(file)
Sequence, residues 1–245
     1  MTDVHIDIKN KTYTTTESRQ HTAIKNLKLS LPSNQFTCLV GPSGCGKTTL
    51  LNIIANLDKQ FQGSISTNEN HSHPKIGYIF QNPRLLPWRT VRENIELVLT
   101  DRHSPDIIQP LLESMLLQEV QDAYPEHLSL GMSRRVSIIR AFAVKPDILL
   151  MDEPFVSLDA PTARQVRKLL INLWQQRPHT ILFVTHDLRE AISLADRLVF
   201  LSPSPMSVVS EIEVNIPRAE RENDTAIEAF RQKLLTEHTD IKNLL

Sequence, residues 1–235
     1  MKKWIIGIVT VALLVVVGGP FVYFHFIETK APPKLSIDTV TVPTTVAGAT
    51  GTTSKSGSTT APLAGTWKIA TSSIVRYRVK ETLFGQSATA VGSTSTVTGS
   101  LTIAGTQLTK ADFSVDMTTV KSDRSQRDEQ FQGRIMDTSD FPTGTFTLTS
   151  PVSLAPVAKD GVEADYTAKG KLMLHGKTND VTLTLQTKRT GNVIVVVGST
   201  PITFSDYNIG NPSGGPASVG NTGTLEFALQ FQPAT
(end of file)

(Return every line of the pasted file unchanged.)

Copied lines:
Sequence, residues 1–245
     1  MTDVHIDIKN KTYTTTESRQ HTAIKNLKLS LPSNQFTCLV GPSGCGKTTL
    51  LNIIANLDKQ FQGSISTNEN HSHPKIGYIF QNPRLLPWRT VRENIELVLT
   101  DRHSPDIIQP LLESMLLQEV QDAYPEHLSL GMSRRVSIIR AFAVKPDILL
   151  MDEPFVSLDA PTARQVRKLL INLWQQRPHT ILFVTHDLRE AISLADRLVF
   201  LSPSPMSVVS EIEVNIPRAE RENDTAIEAF RQKLLTEHTD IKNLL

Sequence, residues 1–235
     1  MKKWIIGIVT VALLVVVGGP FVYFHFIETK APPKLSIDTV TVPTTVAGAT
    51  GTTSKSGSTT APLAGTWKIA TSSIVRYRVK ETLFGQSATA VGSTSTVTGS
   101  LTIAGTQLTK ADFSVDMTTV KSDRSQRDEQ FQGRIMDTSD FPTGTFTLTS
   151  PVSLAPVAKD GVEADYTAKG KLMLHGKTND VTLTLQTKRT GNVIVVVGST
   201  PITFSDYNIG NPSGGPASVG NTGTLEFALQ FQPAT